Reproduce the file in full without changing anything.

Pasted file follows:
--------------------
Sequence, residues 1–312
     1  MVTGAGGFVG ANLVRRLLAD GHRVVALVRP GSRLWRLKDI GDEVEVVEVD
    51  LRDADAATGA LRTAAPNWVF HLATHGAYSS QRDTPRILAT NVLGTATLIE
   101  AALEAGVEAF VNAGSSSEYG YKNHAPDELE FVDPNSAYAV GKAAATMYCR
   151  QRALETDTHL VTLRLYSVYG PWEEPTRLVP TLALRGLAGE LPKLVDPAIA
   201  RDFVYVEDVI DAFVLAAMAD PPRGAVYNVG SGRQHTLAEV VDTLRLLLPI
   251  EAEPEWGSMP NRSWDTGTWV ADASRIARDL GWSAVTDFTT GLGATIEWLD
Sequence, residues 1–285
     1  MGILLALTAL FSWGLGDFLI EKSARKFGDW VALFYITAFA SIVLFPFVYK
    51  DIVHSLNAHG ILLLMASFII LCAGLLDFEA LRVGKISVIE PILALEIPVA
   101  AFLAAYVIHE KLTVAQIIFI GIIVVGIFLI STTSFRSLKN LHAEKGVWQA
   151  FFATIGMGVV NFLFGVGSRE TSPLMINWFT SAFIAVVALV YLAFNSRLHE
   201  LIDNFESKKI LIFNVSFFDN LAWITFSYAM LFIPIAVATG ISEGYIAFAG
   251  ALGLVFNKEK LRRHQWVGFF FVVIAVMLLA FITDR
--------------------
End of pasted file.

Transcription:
Sequence, residues 1–312
     1  MVTGAGGFVG ANLVRRLLAD GHRVVALVRP GSRLWRLKDI GDEVEVVEVD
    51  LRDADAATGA LRTAAPNWVF HLATHGAYSS QRDTPRILAT NVLGTATLIE
   101  AALEAGVEAF VNAGSSSEYG YKNHAPDELE FVDPNSAYAV GKAAATMYCR
   151  QRALETDTHL VTLRLYSVYG PWEEPTRLVP TLALRGLAGE LPKLVDPAIA
   201  RDFVYVEDVI DAFVLAAMAD PPRGAVYNVG SGRQHTLAEV VDTLRLLLPI
   251  EAEPEWGSMP NRSWDTGTWV ADASRIARDL GWSAVTDFTT GLGATIEWLD
Sequence, residues 1–285
     1  MGILLALTAL FSWGLGDFLI EKSARKFGDW VALFYITAFA SIVLFPFVYK
    51  DIVHSLNAHG ILLLMASFII LCAGLLDFEA LRVGKISVIE PILALEIPVA
   101  AFLAAYVIHE KLTVAQIIFI GIIVVGIFLI STTSFRSLKN LHAEKGVWQA
   151  FFATIGMGVV NFLFGVGSRE TSPLMINWFT SAFIAVVALV YLAFNSRLHE
   201  LIDNFESKKI LIFNVSFFDN LAWITFSYAM LFIPIAVATG ISEGYIAFAG
   251  ALGLVFNKEK LRRHQWVGFF FVVIAVMLLA FITDR